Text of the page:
* Youth and children do not have voice in the community. Responsible parenting is also a problem that could lead to HIV.
Christian church provides an interesting facet in addressing the HIV/AIDS problem in Angola. Being largely faith-based some important variations in the approach of disease prevention have been introduced. For instance, the efforts of Christian community enable people to seriously consider other options in preventing the spread of HIV/AIDS such as abstinence and faithfulness. The use of condom though is still subject to debate and is one aspect where secular preventive measures do not jibe with Christian methods.
The secular community also recognizes the unique position Christian groups have carved for themselves. Christian groups have been very effective in reaching out to communities to spread methods of prevention, treatment, extending care and assistance. The Christian efforts are subject to limitations though since their access to information, training and financial support is not as extensive as that of the larger NGOs.
The one great advantage Christian churches have over their secular counterparts are their ability to give long-term commitment through their medical facilities and community churches, volunteers, the knack for maximizing the use of resources, multi-national support and networking.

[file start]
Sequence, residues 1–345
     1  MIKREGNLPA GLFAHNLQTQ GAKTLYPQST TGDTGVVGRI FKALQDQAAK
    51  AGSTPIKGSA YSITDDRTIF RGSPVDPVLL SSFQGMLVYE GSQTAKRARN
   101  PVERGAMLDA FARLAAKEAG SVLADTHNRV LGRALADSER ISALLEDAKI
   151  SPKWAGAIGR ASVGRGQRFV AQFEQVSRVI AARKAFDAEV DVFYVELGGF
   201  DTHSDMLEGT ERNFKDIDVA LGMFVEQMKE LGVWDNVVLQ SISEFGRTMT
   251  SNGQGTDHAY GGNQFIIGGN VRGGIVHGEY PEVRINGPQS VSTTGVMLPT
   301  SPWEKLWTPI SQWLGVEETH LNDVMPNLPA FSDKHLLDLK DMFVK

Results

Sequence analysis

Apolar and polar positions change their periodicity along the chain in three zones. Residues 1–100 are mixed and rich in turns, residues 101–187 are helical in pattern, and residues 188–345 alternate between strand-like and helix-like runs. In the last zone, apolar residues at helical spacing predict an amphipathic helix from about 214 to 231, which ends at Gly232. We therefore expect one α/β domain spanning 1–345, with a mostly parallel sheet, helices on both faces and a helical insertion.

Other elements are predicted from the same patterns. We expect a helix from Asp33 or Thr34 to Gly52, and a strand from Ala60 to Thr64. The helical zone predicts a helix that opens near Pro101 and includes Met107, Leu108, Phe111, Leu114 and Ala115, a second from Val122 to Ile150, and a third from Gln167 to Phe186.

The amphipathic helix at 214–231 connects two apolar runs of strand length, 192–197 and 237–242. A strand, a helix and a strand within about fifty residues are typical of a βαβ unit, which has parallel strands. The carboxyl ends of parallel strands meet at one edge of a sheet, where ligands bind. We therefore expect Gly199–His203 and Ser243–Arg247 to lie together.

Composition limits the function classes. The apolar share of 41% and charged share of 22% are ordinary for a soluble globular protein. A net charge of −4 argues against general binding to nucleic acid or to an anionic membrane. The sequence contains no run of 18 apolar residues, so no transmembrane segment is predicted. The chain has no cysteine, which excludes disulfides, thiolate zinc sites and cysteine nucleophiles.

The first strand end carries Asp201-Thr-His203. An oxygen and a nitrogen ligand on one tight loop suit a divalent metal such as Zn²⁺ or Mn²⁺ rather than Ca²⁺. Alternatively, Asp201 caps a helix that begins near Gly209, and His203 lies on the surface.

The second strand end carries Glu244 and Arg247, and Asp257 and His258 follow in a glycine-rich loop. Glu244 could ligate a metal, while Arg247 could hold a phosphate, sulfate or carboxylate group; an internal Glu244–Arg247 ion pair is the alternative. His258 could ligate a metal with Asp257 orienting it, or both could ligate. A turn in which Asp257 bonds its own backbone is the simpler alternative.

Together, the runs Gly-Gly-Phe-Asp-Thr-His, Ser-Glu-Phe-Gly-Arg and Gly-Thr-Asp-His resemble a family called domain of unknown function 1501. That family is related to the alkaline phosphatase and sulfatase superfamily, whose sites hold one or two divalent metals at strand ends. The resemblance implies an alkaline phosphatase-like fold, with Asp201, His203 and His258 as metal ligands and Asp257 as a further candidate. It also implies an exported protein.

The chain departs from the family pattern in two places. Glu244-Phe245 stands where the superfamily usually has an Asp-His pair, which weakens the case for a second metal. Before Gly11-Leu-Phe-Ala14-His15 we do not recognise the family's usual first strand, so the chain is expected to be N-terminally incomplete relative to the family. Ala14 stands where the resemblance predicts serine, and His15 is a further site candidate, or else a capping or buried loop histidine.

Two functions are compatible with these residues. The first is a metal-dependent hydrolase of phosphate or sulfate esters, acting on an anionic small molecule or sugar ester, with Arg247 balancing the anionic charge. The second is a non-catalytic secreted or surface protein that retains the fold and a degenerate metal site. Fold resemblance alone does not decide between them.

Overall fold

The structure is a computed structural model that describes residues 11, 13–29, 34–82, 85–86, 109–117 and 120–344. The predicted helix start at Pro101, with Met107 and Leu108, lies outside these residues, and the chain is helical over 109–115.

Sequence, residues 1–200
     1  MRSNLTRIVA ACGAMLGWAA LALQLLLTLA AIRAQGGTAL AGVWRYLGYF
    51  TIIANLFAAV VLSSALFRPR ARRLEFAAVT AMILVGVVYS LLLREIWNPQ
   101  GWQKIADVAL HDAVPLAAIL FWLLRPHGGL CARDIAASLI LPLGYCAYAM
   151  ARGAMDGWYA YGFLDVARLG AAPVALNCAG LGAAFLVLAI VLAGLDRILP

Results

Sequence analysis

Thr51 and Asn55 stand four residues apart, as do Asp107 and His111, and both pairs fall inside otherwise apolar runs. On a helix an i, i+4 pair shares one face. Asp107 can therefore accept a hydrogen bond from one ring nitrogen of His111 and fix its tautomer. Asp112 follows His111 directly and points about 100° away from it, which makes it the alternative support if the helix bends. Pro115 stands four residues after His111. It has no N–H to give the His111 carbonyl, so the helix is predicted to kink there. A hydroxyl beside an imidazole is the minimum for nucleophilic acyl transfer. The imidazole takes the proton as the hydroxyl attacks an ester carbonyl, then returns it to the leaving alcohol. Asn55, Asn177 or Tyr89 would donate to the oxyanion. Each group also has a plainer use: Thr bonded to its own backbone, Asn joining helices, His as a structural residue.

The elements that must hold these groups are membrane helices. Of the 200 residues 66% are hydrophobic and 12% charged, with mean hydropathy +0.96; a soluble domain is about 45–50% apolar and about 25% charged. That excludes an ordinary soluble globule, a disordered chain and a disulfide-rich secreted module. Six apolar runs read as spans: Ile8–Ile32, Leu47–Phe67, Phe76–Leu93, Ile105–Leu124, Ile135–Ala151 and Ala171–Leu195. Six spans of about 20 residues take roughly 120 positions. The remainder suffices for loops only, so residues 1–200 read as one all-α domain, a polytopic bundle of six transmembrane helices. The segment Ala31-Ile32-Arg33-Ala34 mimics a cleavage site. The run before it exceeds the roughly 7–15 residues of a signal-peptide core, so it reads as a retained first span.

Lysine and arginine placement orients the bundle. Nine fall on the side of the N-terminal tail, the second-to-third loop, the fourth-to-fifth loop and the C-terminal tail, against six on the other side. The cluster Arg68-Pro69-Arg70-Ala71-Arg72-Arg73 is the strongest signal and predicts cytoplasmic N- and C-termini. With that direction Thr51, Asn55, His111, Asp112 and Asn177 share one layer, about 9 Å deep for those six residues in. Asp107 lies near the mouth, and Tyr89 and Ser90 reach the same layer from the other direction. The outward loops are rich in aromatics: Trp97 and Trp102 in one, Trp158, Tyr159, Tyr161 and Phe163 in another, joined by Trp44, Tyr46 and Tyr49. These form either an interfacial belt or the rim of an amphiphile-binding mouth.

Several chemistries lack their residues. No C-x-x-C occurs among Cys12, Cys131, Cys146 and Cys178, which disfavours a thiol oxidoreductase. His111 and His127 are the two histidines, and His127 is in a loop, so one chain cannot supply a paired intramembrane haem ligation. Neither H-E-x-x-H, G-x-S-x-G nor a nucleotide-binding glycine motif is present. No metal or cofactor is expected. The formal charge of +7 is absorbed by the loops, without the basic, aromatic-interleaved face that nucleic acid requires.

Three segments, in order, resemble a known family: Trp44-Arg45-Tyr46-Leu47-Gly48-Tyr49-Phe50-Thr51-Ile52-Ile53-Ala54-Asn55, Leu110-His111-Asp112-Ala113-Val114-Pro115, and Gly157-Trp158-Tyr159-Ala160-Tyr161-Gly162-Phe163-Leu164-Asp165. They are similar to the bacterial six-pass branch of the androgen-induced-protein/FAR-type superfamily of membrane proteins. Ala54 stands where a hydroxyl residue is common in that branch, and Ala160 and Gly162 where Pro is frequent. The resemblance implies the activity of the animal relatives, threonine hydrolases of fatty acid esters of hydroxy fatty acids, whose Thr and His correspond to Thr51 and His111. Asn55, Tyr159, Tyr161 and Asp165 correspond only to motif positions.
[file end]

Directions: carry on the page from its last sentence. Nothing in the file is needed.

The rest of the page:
Christian Solutions to HIV/AIDS in Angola
In order to address HIV/AIDS in Angola, churches include training of clergy and missionaries in the curricula.
* The Africa Regional Forum of Religious Health Organizations in Reproductive Health is a partnership of religious health networks composed of Christian and Islamic. The Forum, facilitated by International Family Health was launched at the International Conference on AIDS and STDs in Africa, September 1999.
* The UK NGO AIDS Consortium sponsors meetings on responses to HIV/AIDS by church groups.
* The draft declaration of UNGASS (April 2001) recognize the need of aid from faith based organizations
Other Christian Activities to Curb HIV/AIDS:
* Promoting change in sexual behavior so that the transmission of the virus is reduced